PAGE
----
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Given the deleterious effects on students and teachers caused by ever-expanding neoliberal approaches to K-16 English Language Arts and literacy education policy, this dissertation argues effective policy advocacy and reform absolutely depends on collaborations among secondary ELA and postsecondary composition and English education teacher-scholars. Borrowing from the traditions of participant action research, this project traces the experiences of a small group of secondary and postsecondary English educators across the span of a 16-month collaborative advocacy project. By examining a range of data including recordings of group meetings, interviews, and written reflections through the lens of activity theory, this study seeks to better understand the barriers to and possibilities of this kind of cross-level advocacy. Findings specifically suggest that approaching cross-level collaborations with activity theory in mind can help us better anticipate and mitigate the way participants’ involvement in diverse teaching and professional contexts can pose challenges to cross-level advocacy efforts. The study’s findings, however, further suggest the ways in which participants’ diverse experiences also function as an asset to this work, enabling richer conversation and more effective advocacy efforts. Based on these findings, this dissertation concludes by offering several recommendations for cross-level collaborative advocacy efforts, including the increased development of informal advocacy-centered cross-level teacher-scholar communities.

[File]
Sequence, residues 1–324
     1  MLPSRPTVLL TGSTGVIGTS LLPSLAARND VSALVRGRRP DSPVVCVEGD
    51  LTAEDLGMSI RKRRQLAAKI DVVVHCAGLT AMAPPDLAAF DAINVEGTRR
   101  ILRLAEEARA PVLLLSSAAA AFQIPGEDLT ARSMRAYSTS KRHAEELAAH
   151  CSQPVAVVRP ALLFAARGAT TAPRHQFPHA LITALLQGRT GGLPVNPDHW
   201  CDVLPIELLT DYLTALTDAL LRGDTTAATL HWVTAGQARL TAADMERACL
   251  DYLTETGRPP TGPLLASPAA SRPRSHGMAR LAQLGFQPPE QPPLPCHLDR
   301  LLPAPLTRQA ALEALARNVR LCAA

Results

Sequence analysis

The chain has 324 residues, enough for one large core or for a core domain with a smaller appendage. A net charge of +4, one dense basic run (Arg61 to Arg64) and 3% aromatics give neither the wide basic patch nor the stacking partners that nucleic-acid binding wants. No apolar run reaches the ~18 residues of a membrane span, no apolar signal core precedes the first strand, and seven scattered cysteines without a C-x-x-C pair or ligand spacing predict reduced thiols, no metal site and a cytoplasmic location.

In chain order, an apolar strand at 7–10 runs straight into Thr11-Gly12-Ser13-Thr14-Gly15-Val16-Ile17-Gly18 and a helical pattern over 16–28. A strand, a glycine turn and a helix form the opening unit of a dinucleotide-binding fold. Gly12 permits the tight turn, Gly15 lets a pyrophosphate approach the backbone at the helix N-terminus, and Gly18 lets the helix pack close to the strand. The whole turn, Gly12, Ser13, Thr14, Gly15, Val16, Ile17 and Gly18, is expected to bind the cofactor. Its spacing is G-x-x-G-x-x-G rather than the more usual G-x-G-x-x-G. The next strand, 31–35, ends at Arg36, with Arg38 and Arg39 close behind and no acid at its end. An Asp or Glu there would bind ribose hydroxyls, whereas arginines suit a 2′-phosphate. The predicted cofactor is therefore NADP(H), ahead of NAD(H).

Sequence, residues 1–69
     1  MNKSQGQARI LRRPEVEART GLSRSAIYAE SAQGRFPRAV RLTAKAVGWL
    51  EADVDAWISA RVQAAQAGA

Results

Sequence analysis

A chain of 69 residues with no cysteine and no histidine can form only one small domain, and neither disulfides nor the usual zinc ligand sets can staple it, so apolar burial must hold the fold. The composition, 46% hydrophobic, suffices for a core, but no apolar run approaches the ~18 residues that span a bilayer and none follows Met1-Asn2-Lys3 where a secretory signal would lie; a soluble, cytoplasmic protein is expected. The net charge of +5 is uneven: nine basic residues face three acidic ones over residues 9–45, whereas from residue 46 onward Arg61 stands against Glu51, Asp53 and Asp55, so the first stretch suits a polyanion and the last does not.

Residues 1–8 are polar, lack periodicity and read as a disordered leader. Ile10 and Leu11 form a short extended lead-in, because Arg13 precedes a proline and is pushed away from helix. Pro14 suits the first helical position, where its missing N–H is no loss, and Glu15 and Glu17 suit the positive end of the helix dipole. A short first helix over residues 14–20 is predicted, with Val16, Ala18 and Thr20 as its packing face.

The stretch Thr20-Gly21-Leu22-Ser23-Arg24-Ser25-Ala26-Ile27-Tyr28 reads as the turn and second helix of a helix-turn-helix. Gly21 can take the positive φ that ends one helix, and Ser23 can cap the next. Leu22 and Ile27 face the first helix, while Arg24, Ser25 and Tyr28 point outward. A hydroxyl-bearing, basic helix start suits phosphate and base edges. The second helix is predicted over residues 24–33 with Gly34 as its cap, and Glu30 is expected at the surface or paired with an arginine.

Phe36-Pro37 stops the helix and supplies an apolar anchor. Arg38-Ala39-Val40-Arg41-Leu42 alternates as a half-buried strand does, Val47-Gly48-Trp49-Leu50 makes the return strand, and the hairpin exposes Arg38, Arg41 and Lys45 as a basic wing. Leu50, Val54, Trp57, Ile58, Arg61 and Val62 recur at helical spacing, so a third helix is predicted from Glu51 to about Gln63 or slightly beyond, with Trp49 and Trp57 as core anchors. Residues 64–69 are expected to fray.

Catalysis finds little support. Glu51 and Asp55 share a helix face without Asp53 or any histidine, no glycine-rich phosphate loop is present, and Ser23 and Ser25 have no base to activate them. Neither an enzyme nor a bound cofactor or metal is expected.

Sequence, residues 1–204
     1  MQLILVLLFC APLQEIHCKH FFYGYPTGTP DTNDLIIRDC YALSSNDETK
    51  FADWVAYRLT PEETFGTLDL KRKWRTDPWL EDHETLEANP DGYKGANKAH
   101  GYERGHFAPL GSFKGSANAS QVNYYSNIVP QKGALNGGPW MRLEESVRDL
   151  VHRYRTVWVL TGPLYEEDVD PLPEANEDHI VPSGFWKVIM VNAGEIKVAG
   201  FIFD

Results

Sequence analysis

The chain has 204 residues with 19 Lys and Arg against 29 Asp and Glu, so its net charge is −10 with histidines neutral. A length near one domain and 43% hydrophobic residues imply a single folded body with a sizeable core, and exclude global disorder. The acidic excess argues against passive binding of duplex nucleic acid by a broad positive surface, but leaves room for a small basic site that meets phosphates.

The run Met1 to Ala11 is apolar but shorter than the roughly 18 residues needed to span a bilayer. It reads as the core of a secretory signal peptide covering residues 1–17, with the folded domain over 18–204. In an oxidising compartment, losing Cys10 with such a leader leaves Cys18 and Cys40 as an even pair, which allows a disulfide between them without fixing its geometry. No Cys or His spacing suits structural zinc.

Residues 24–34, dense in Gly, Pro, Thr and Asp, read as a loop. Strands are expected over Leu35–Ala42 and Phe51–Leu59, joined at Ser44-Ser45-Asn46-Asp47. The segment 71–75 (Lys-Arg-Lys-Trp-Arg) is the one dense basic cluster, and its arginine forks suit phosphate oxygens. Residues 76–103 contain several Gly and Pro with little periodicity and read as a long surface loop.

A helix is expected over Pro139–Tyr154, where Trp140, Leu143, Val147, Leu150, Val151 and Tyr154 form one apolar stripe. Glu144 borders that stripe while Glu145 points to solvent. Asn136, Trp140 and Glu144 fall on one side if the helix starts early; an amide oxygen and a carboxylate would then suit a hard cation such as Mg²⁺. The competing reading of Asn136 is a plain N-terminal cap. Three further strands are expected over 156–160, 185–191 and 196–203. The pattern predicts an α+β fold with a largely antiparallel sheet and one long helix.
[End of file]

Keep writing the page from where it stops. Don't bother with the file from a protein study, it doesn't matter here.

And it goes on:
Advisor: Debbie Minter